Reducing the travel distance of the filler material 62 also may reduce the force needed to move the filler material 62 and may reduce the complexity of the routing mechanism. In one embodiment, the filler material 62 may be attached to the torch 18 at or near the torch body 48. For example, as depicted in
Another embodiment may position the spool assembly 64 above the torch body 48. For example, as depicted in
The torch 18 also may incorporate a remote 92 to signal the motor 86 to operate to advance or retract the filler material 62. In one embodiment, the remote 24 may include a trigger located on the torch 18. For example, as depicted in
Another embodiment may include a control algorithm to advance the filler material 62 in response to the signal to an operator's signal to advance the filler material. For example in one embodiment, although the filler material 62 may generally be advanced forward, the filler material 62 may be advanced into the molten puddle and then retracted to provide weld that resembles a series of puddles. Retraction also eliminates ball formation on the end of the wire. Further, the control algorithm may be carried out in accordance with a signal from the power supply or a control located on or proximate to the torch 18.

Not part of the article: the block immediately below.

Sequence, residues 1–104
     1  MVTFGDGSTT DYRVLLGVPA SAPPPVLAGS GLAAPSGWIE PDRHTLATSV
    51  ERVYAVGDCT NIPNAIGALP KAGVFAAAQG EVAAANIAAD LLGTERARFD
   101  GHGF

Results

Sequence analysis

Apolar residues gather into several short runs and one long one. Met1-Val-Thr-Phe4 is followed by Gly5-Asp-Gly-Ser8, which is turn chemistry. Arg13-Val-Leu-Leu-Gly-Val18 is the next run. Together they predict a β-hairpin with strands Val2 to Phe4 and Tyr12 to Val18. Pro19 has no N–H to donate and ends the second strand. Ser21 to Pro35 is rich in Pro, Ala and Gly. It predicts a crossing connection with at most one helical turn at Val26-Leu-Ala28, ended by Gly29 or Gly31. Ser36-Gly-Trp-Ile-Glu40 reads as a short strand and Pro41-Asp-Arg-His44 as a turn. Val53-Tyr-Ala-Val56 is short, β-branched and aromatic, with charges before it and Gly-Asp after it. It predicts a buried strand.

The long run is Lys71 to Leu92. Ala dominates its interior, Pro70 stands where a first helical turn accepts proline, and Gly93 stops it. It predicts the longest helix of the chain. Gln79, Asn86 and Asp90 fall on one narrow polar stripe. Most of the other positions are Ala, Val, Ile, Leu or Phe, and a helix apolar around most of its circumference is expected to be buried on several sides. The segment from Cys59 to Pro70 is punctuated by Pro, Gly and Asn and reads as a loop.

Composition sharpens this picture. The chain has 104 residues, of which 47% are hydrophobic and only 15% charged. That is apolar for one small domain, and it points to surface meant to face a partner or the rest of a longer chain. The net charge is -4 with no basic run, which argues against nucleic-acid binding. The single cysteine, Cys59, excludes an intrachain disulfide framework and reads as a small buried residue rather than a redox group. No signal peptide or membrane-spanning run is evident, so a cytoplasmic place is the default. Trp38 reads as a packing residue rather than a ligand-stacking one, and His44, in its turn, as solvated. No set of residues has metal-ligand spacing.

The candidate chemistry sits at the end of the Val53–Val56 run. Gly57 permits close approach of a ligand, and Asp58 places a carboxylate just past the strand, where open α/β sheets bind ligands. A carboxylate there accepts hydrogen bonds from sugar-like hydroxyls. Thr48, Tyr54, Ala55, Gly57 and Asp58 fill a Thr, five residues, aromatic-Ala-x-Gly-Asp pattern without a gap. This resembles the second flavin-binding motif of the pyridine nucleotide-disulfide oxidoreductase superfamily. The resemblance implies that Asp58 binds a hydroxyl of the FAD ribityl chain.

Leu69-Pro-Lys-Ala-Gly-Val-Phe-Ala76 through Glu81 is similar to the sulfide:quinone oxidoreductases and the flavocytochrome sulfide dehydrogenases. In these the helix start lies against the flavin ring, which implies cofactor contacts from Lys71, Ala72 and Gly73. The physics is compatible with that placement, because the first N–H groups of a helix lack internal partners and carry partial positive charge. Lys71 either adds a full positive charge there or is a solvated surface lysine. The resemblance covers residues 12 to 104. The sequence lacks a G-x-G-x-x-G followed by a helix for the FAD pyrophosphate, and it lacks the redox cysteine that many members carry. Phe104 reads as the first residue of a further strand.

Although a motor 86 may provide for automated discharge of the filler material 62, other welding systems 10 may be more suited for manual advancement of the filler material 62. These may include high precision welding systems 10 in which an operator advances the filler material 62 at a slower feed rate. In one embodiment, a feed mechanism for the filler material 62 may include a finger operated control. For example, as depicted in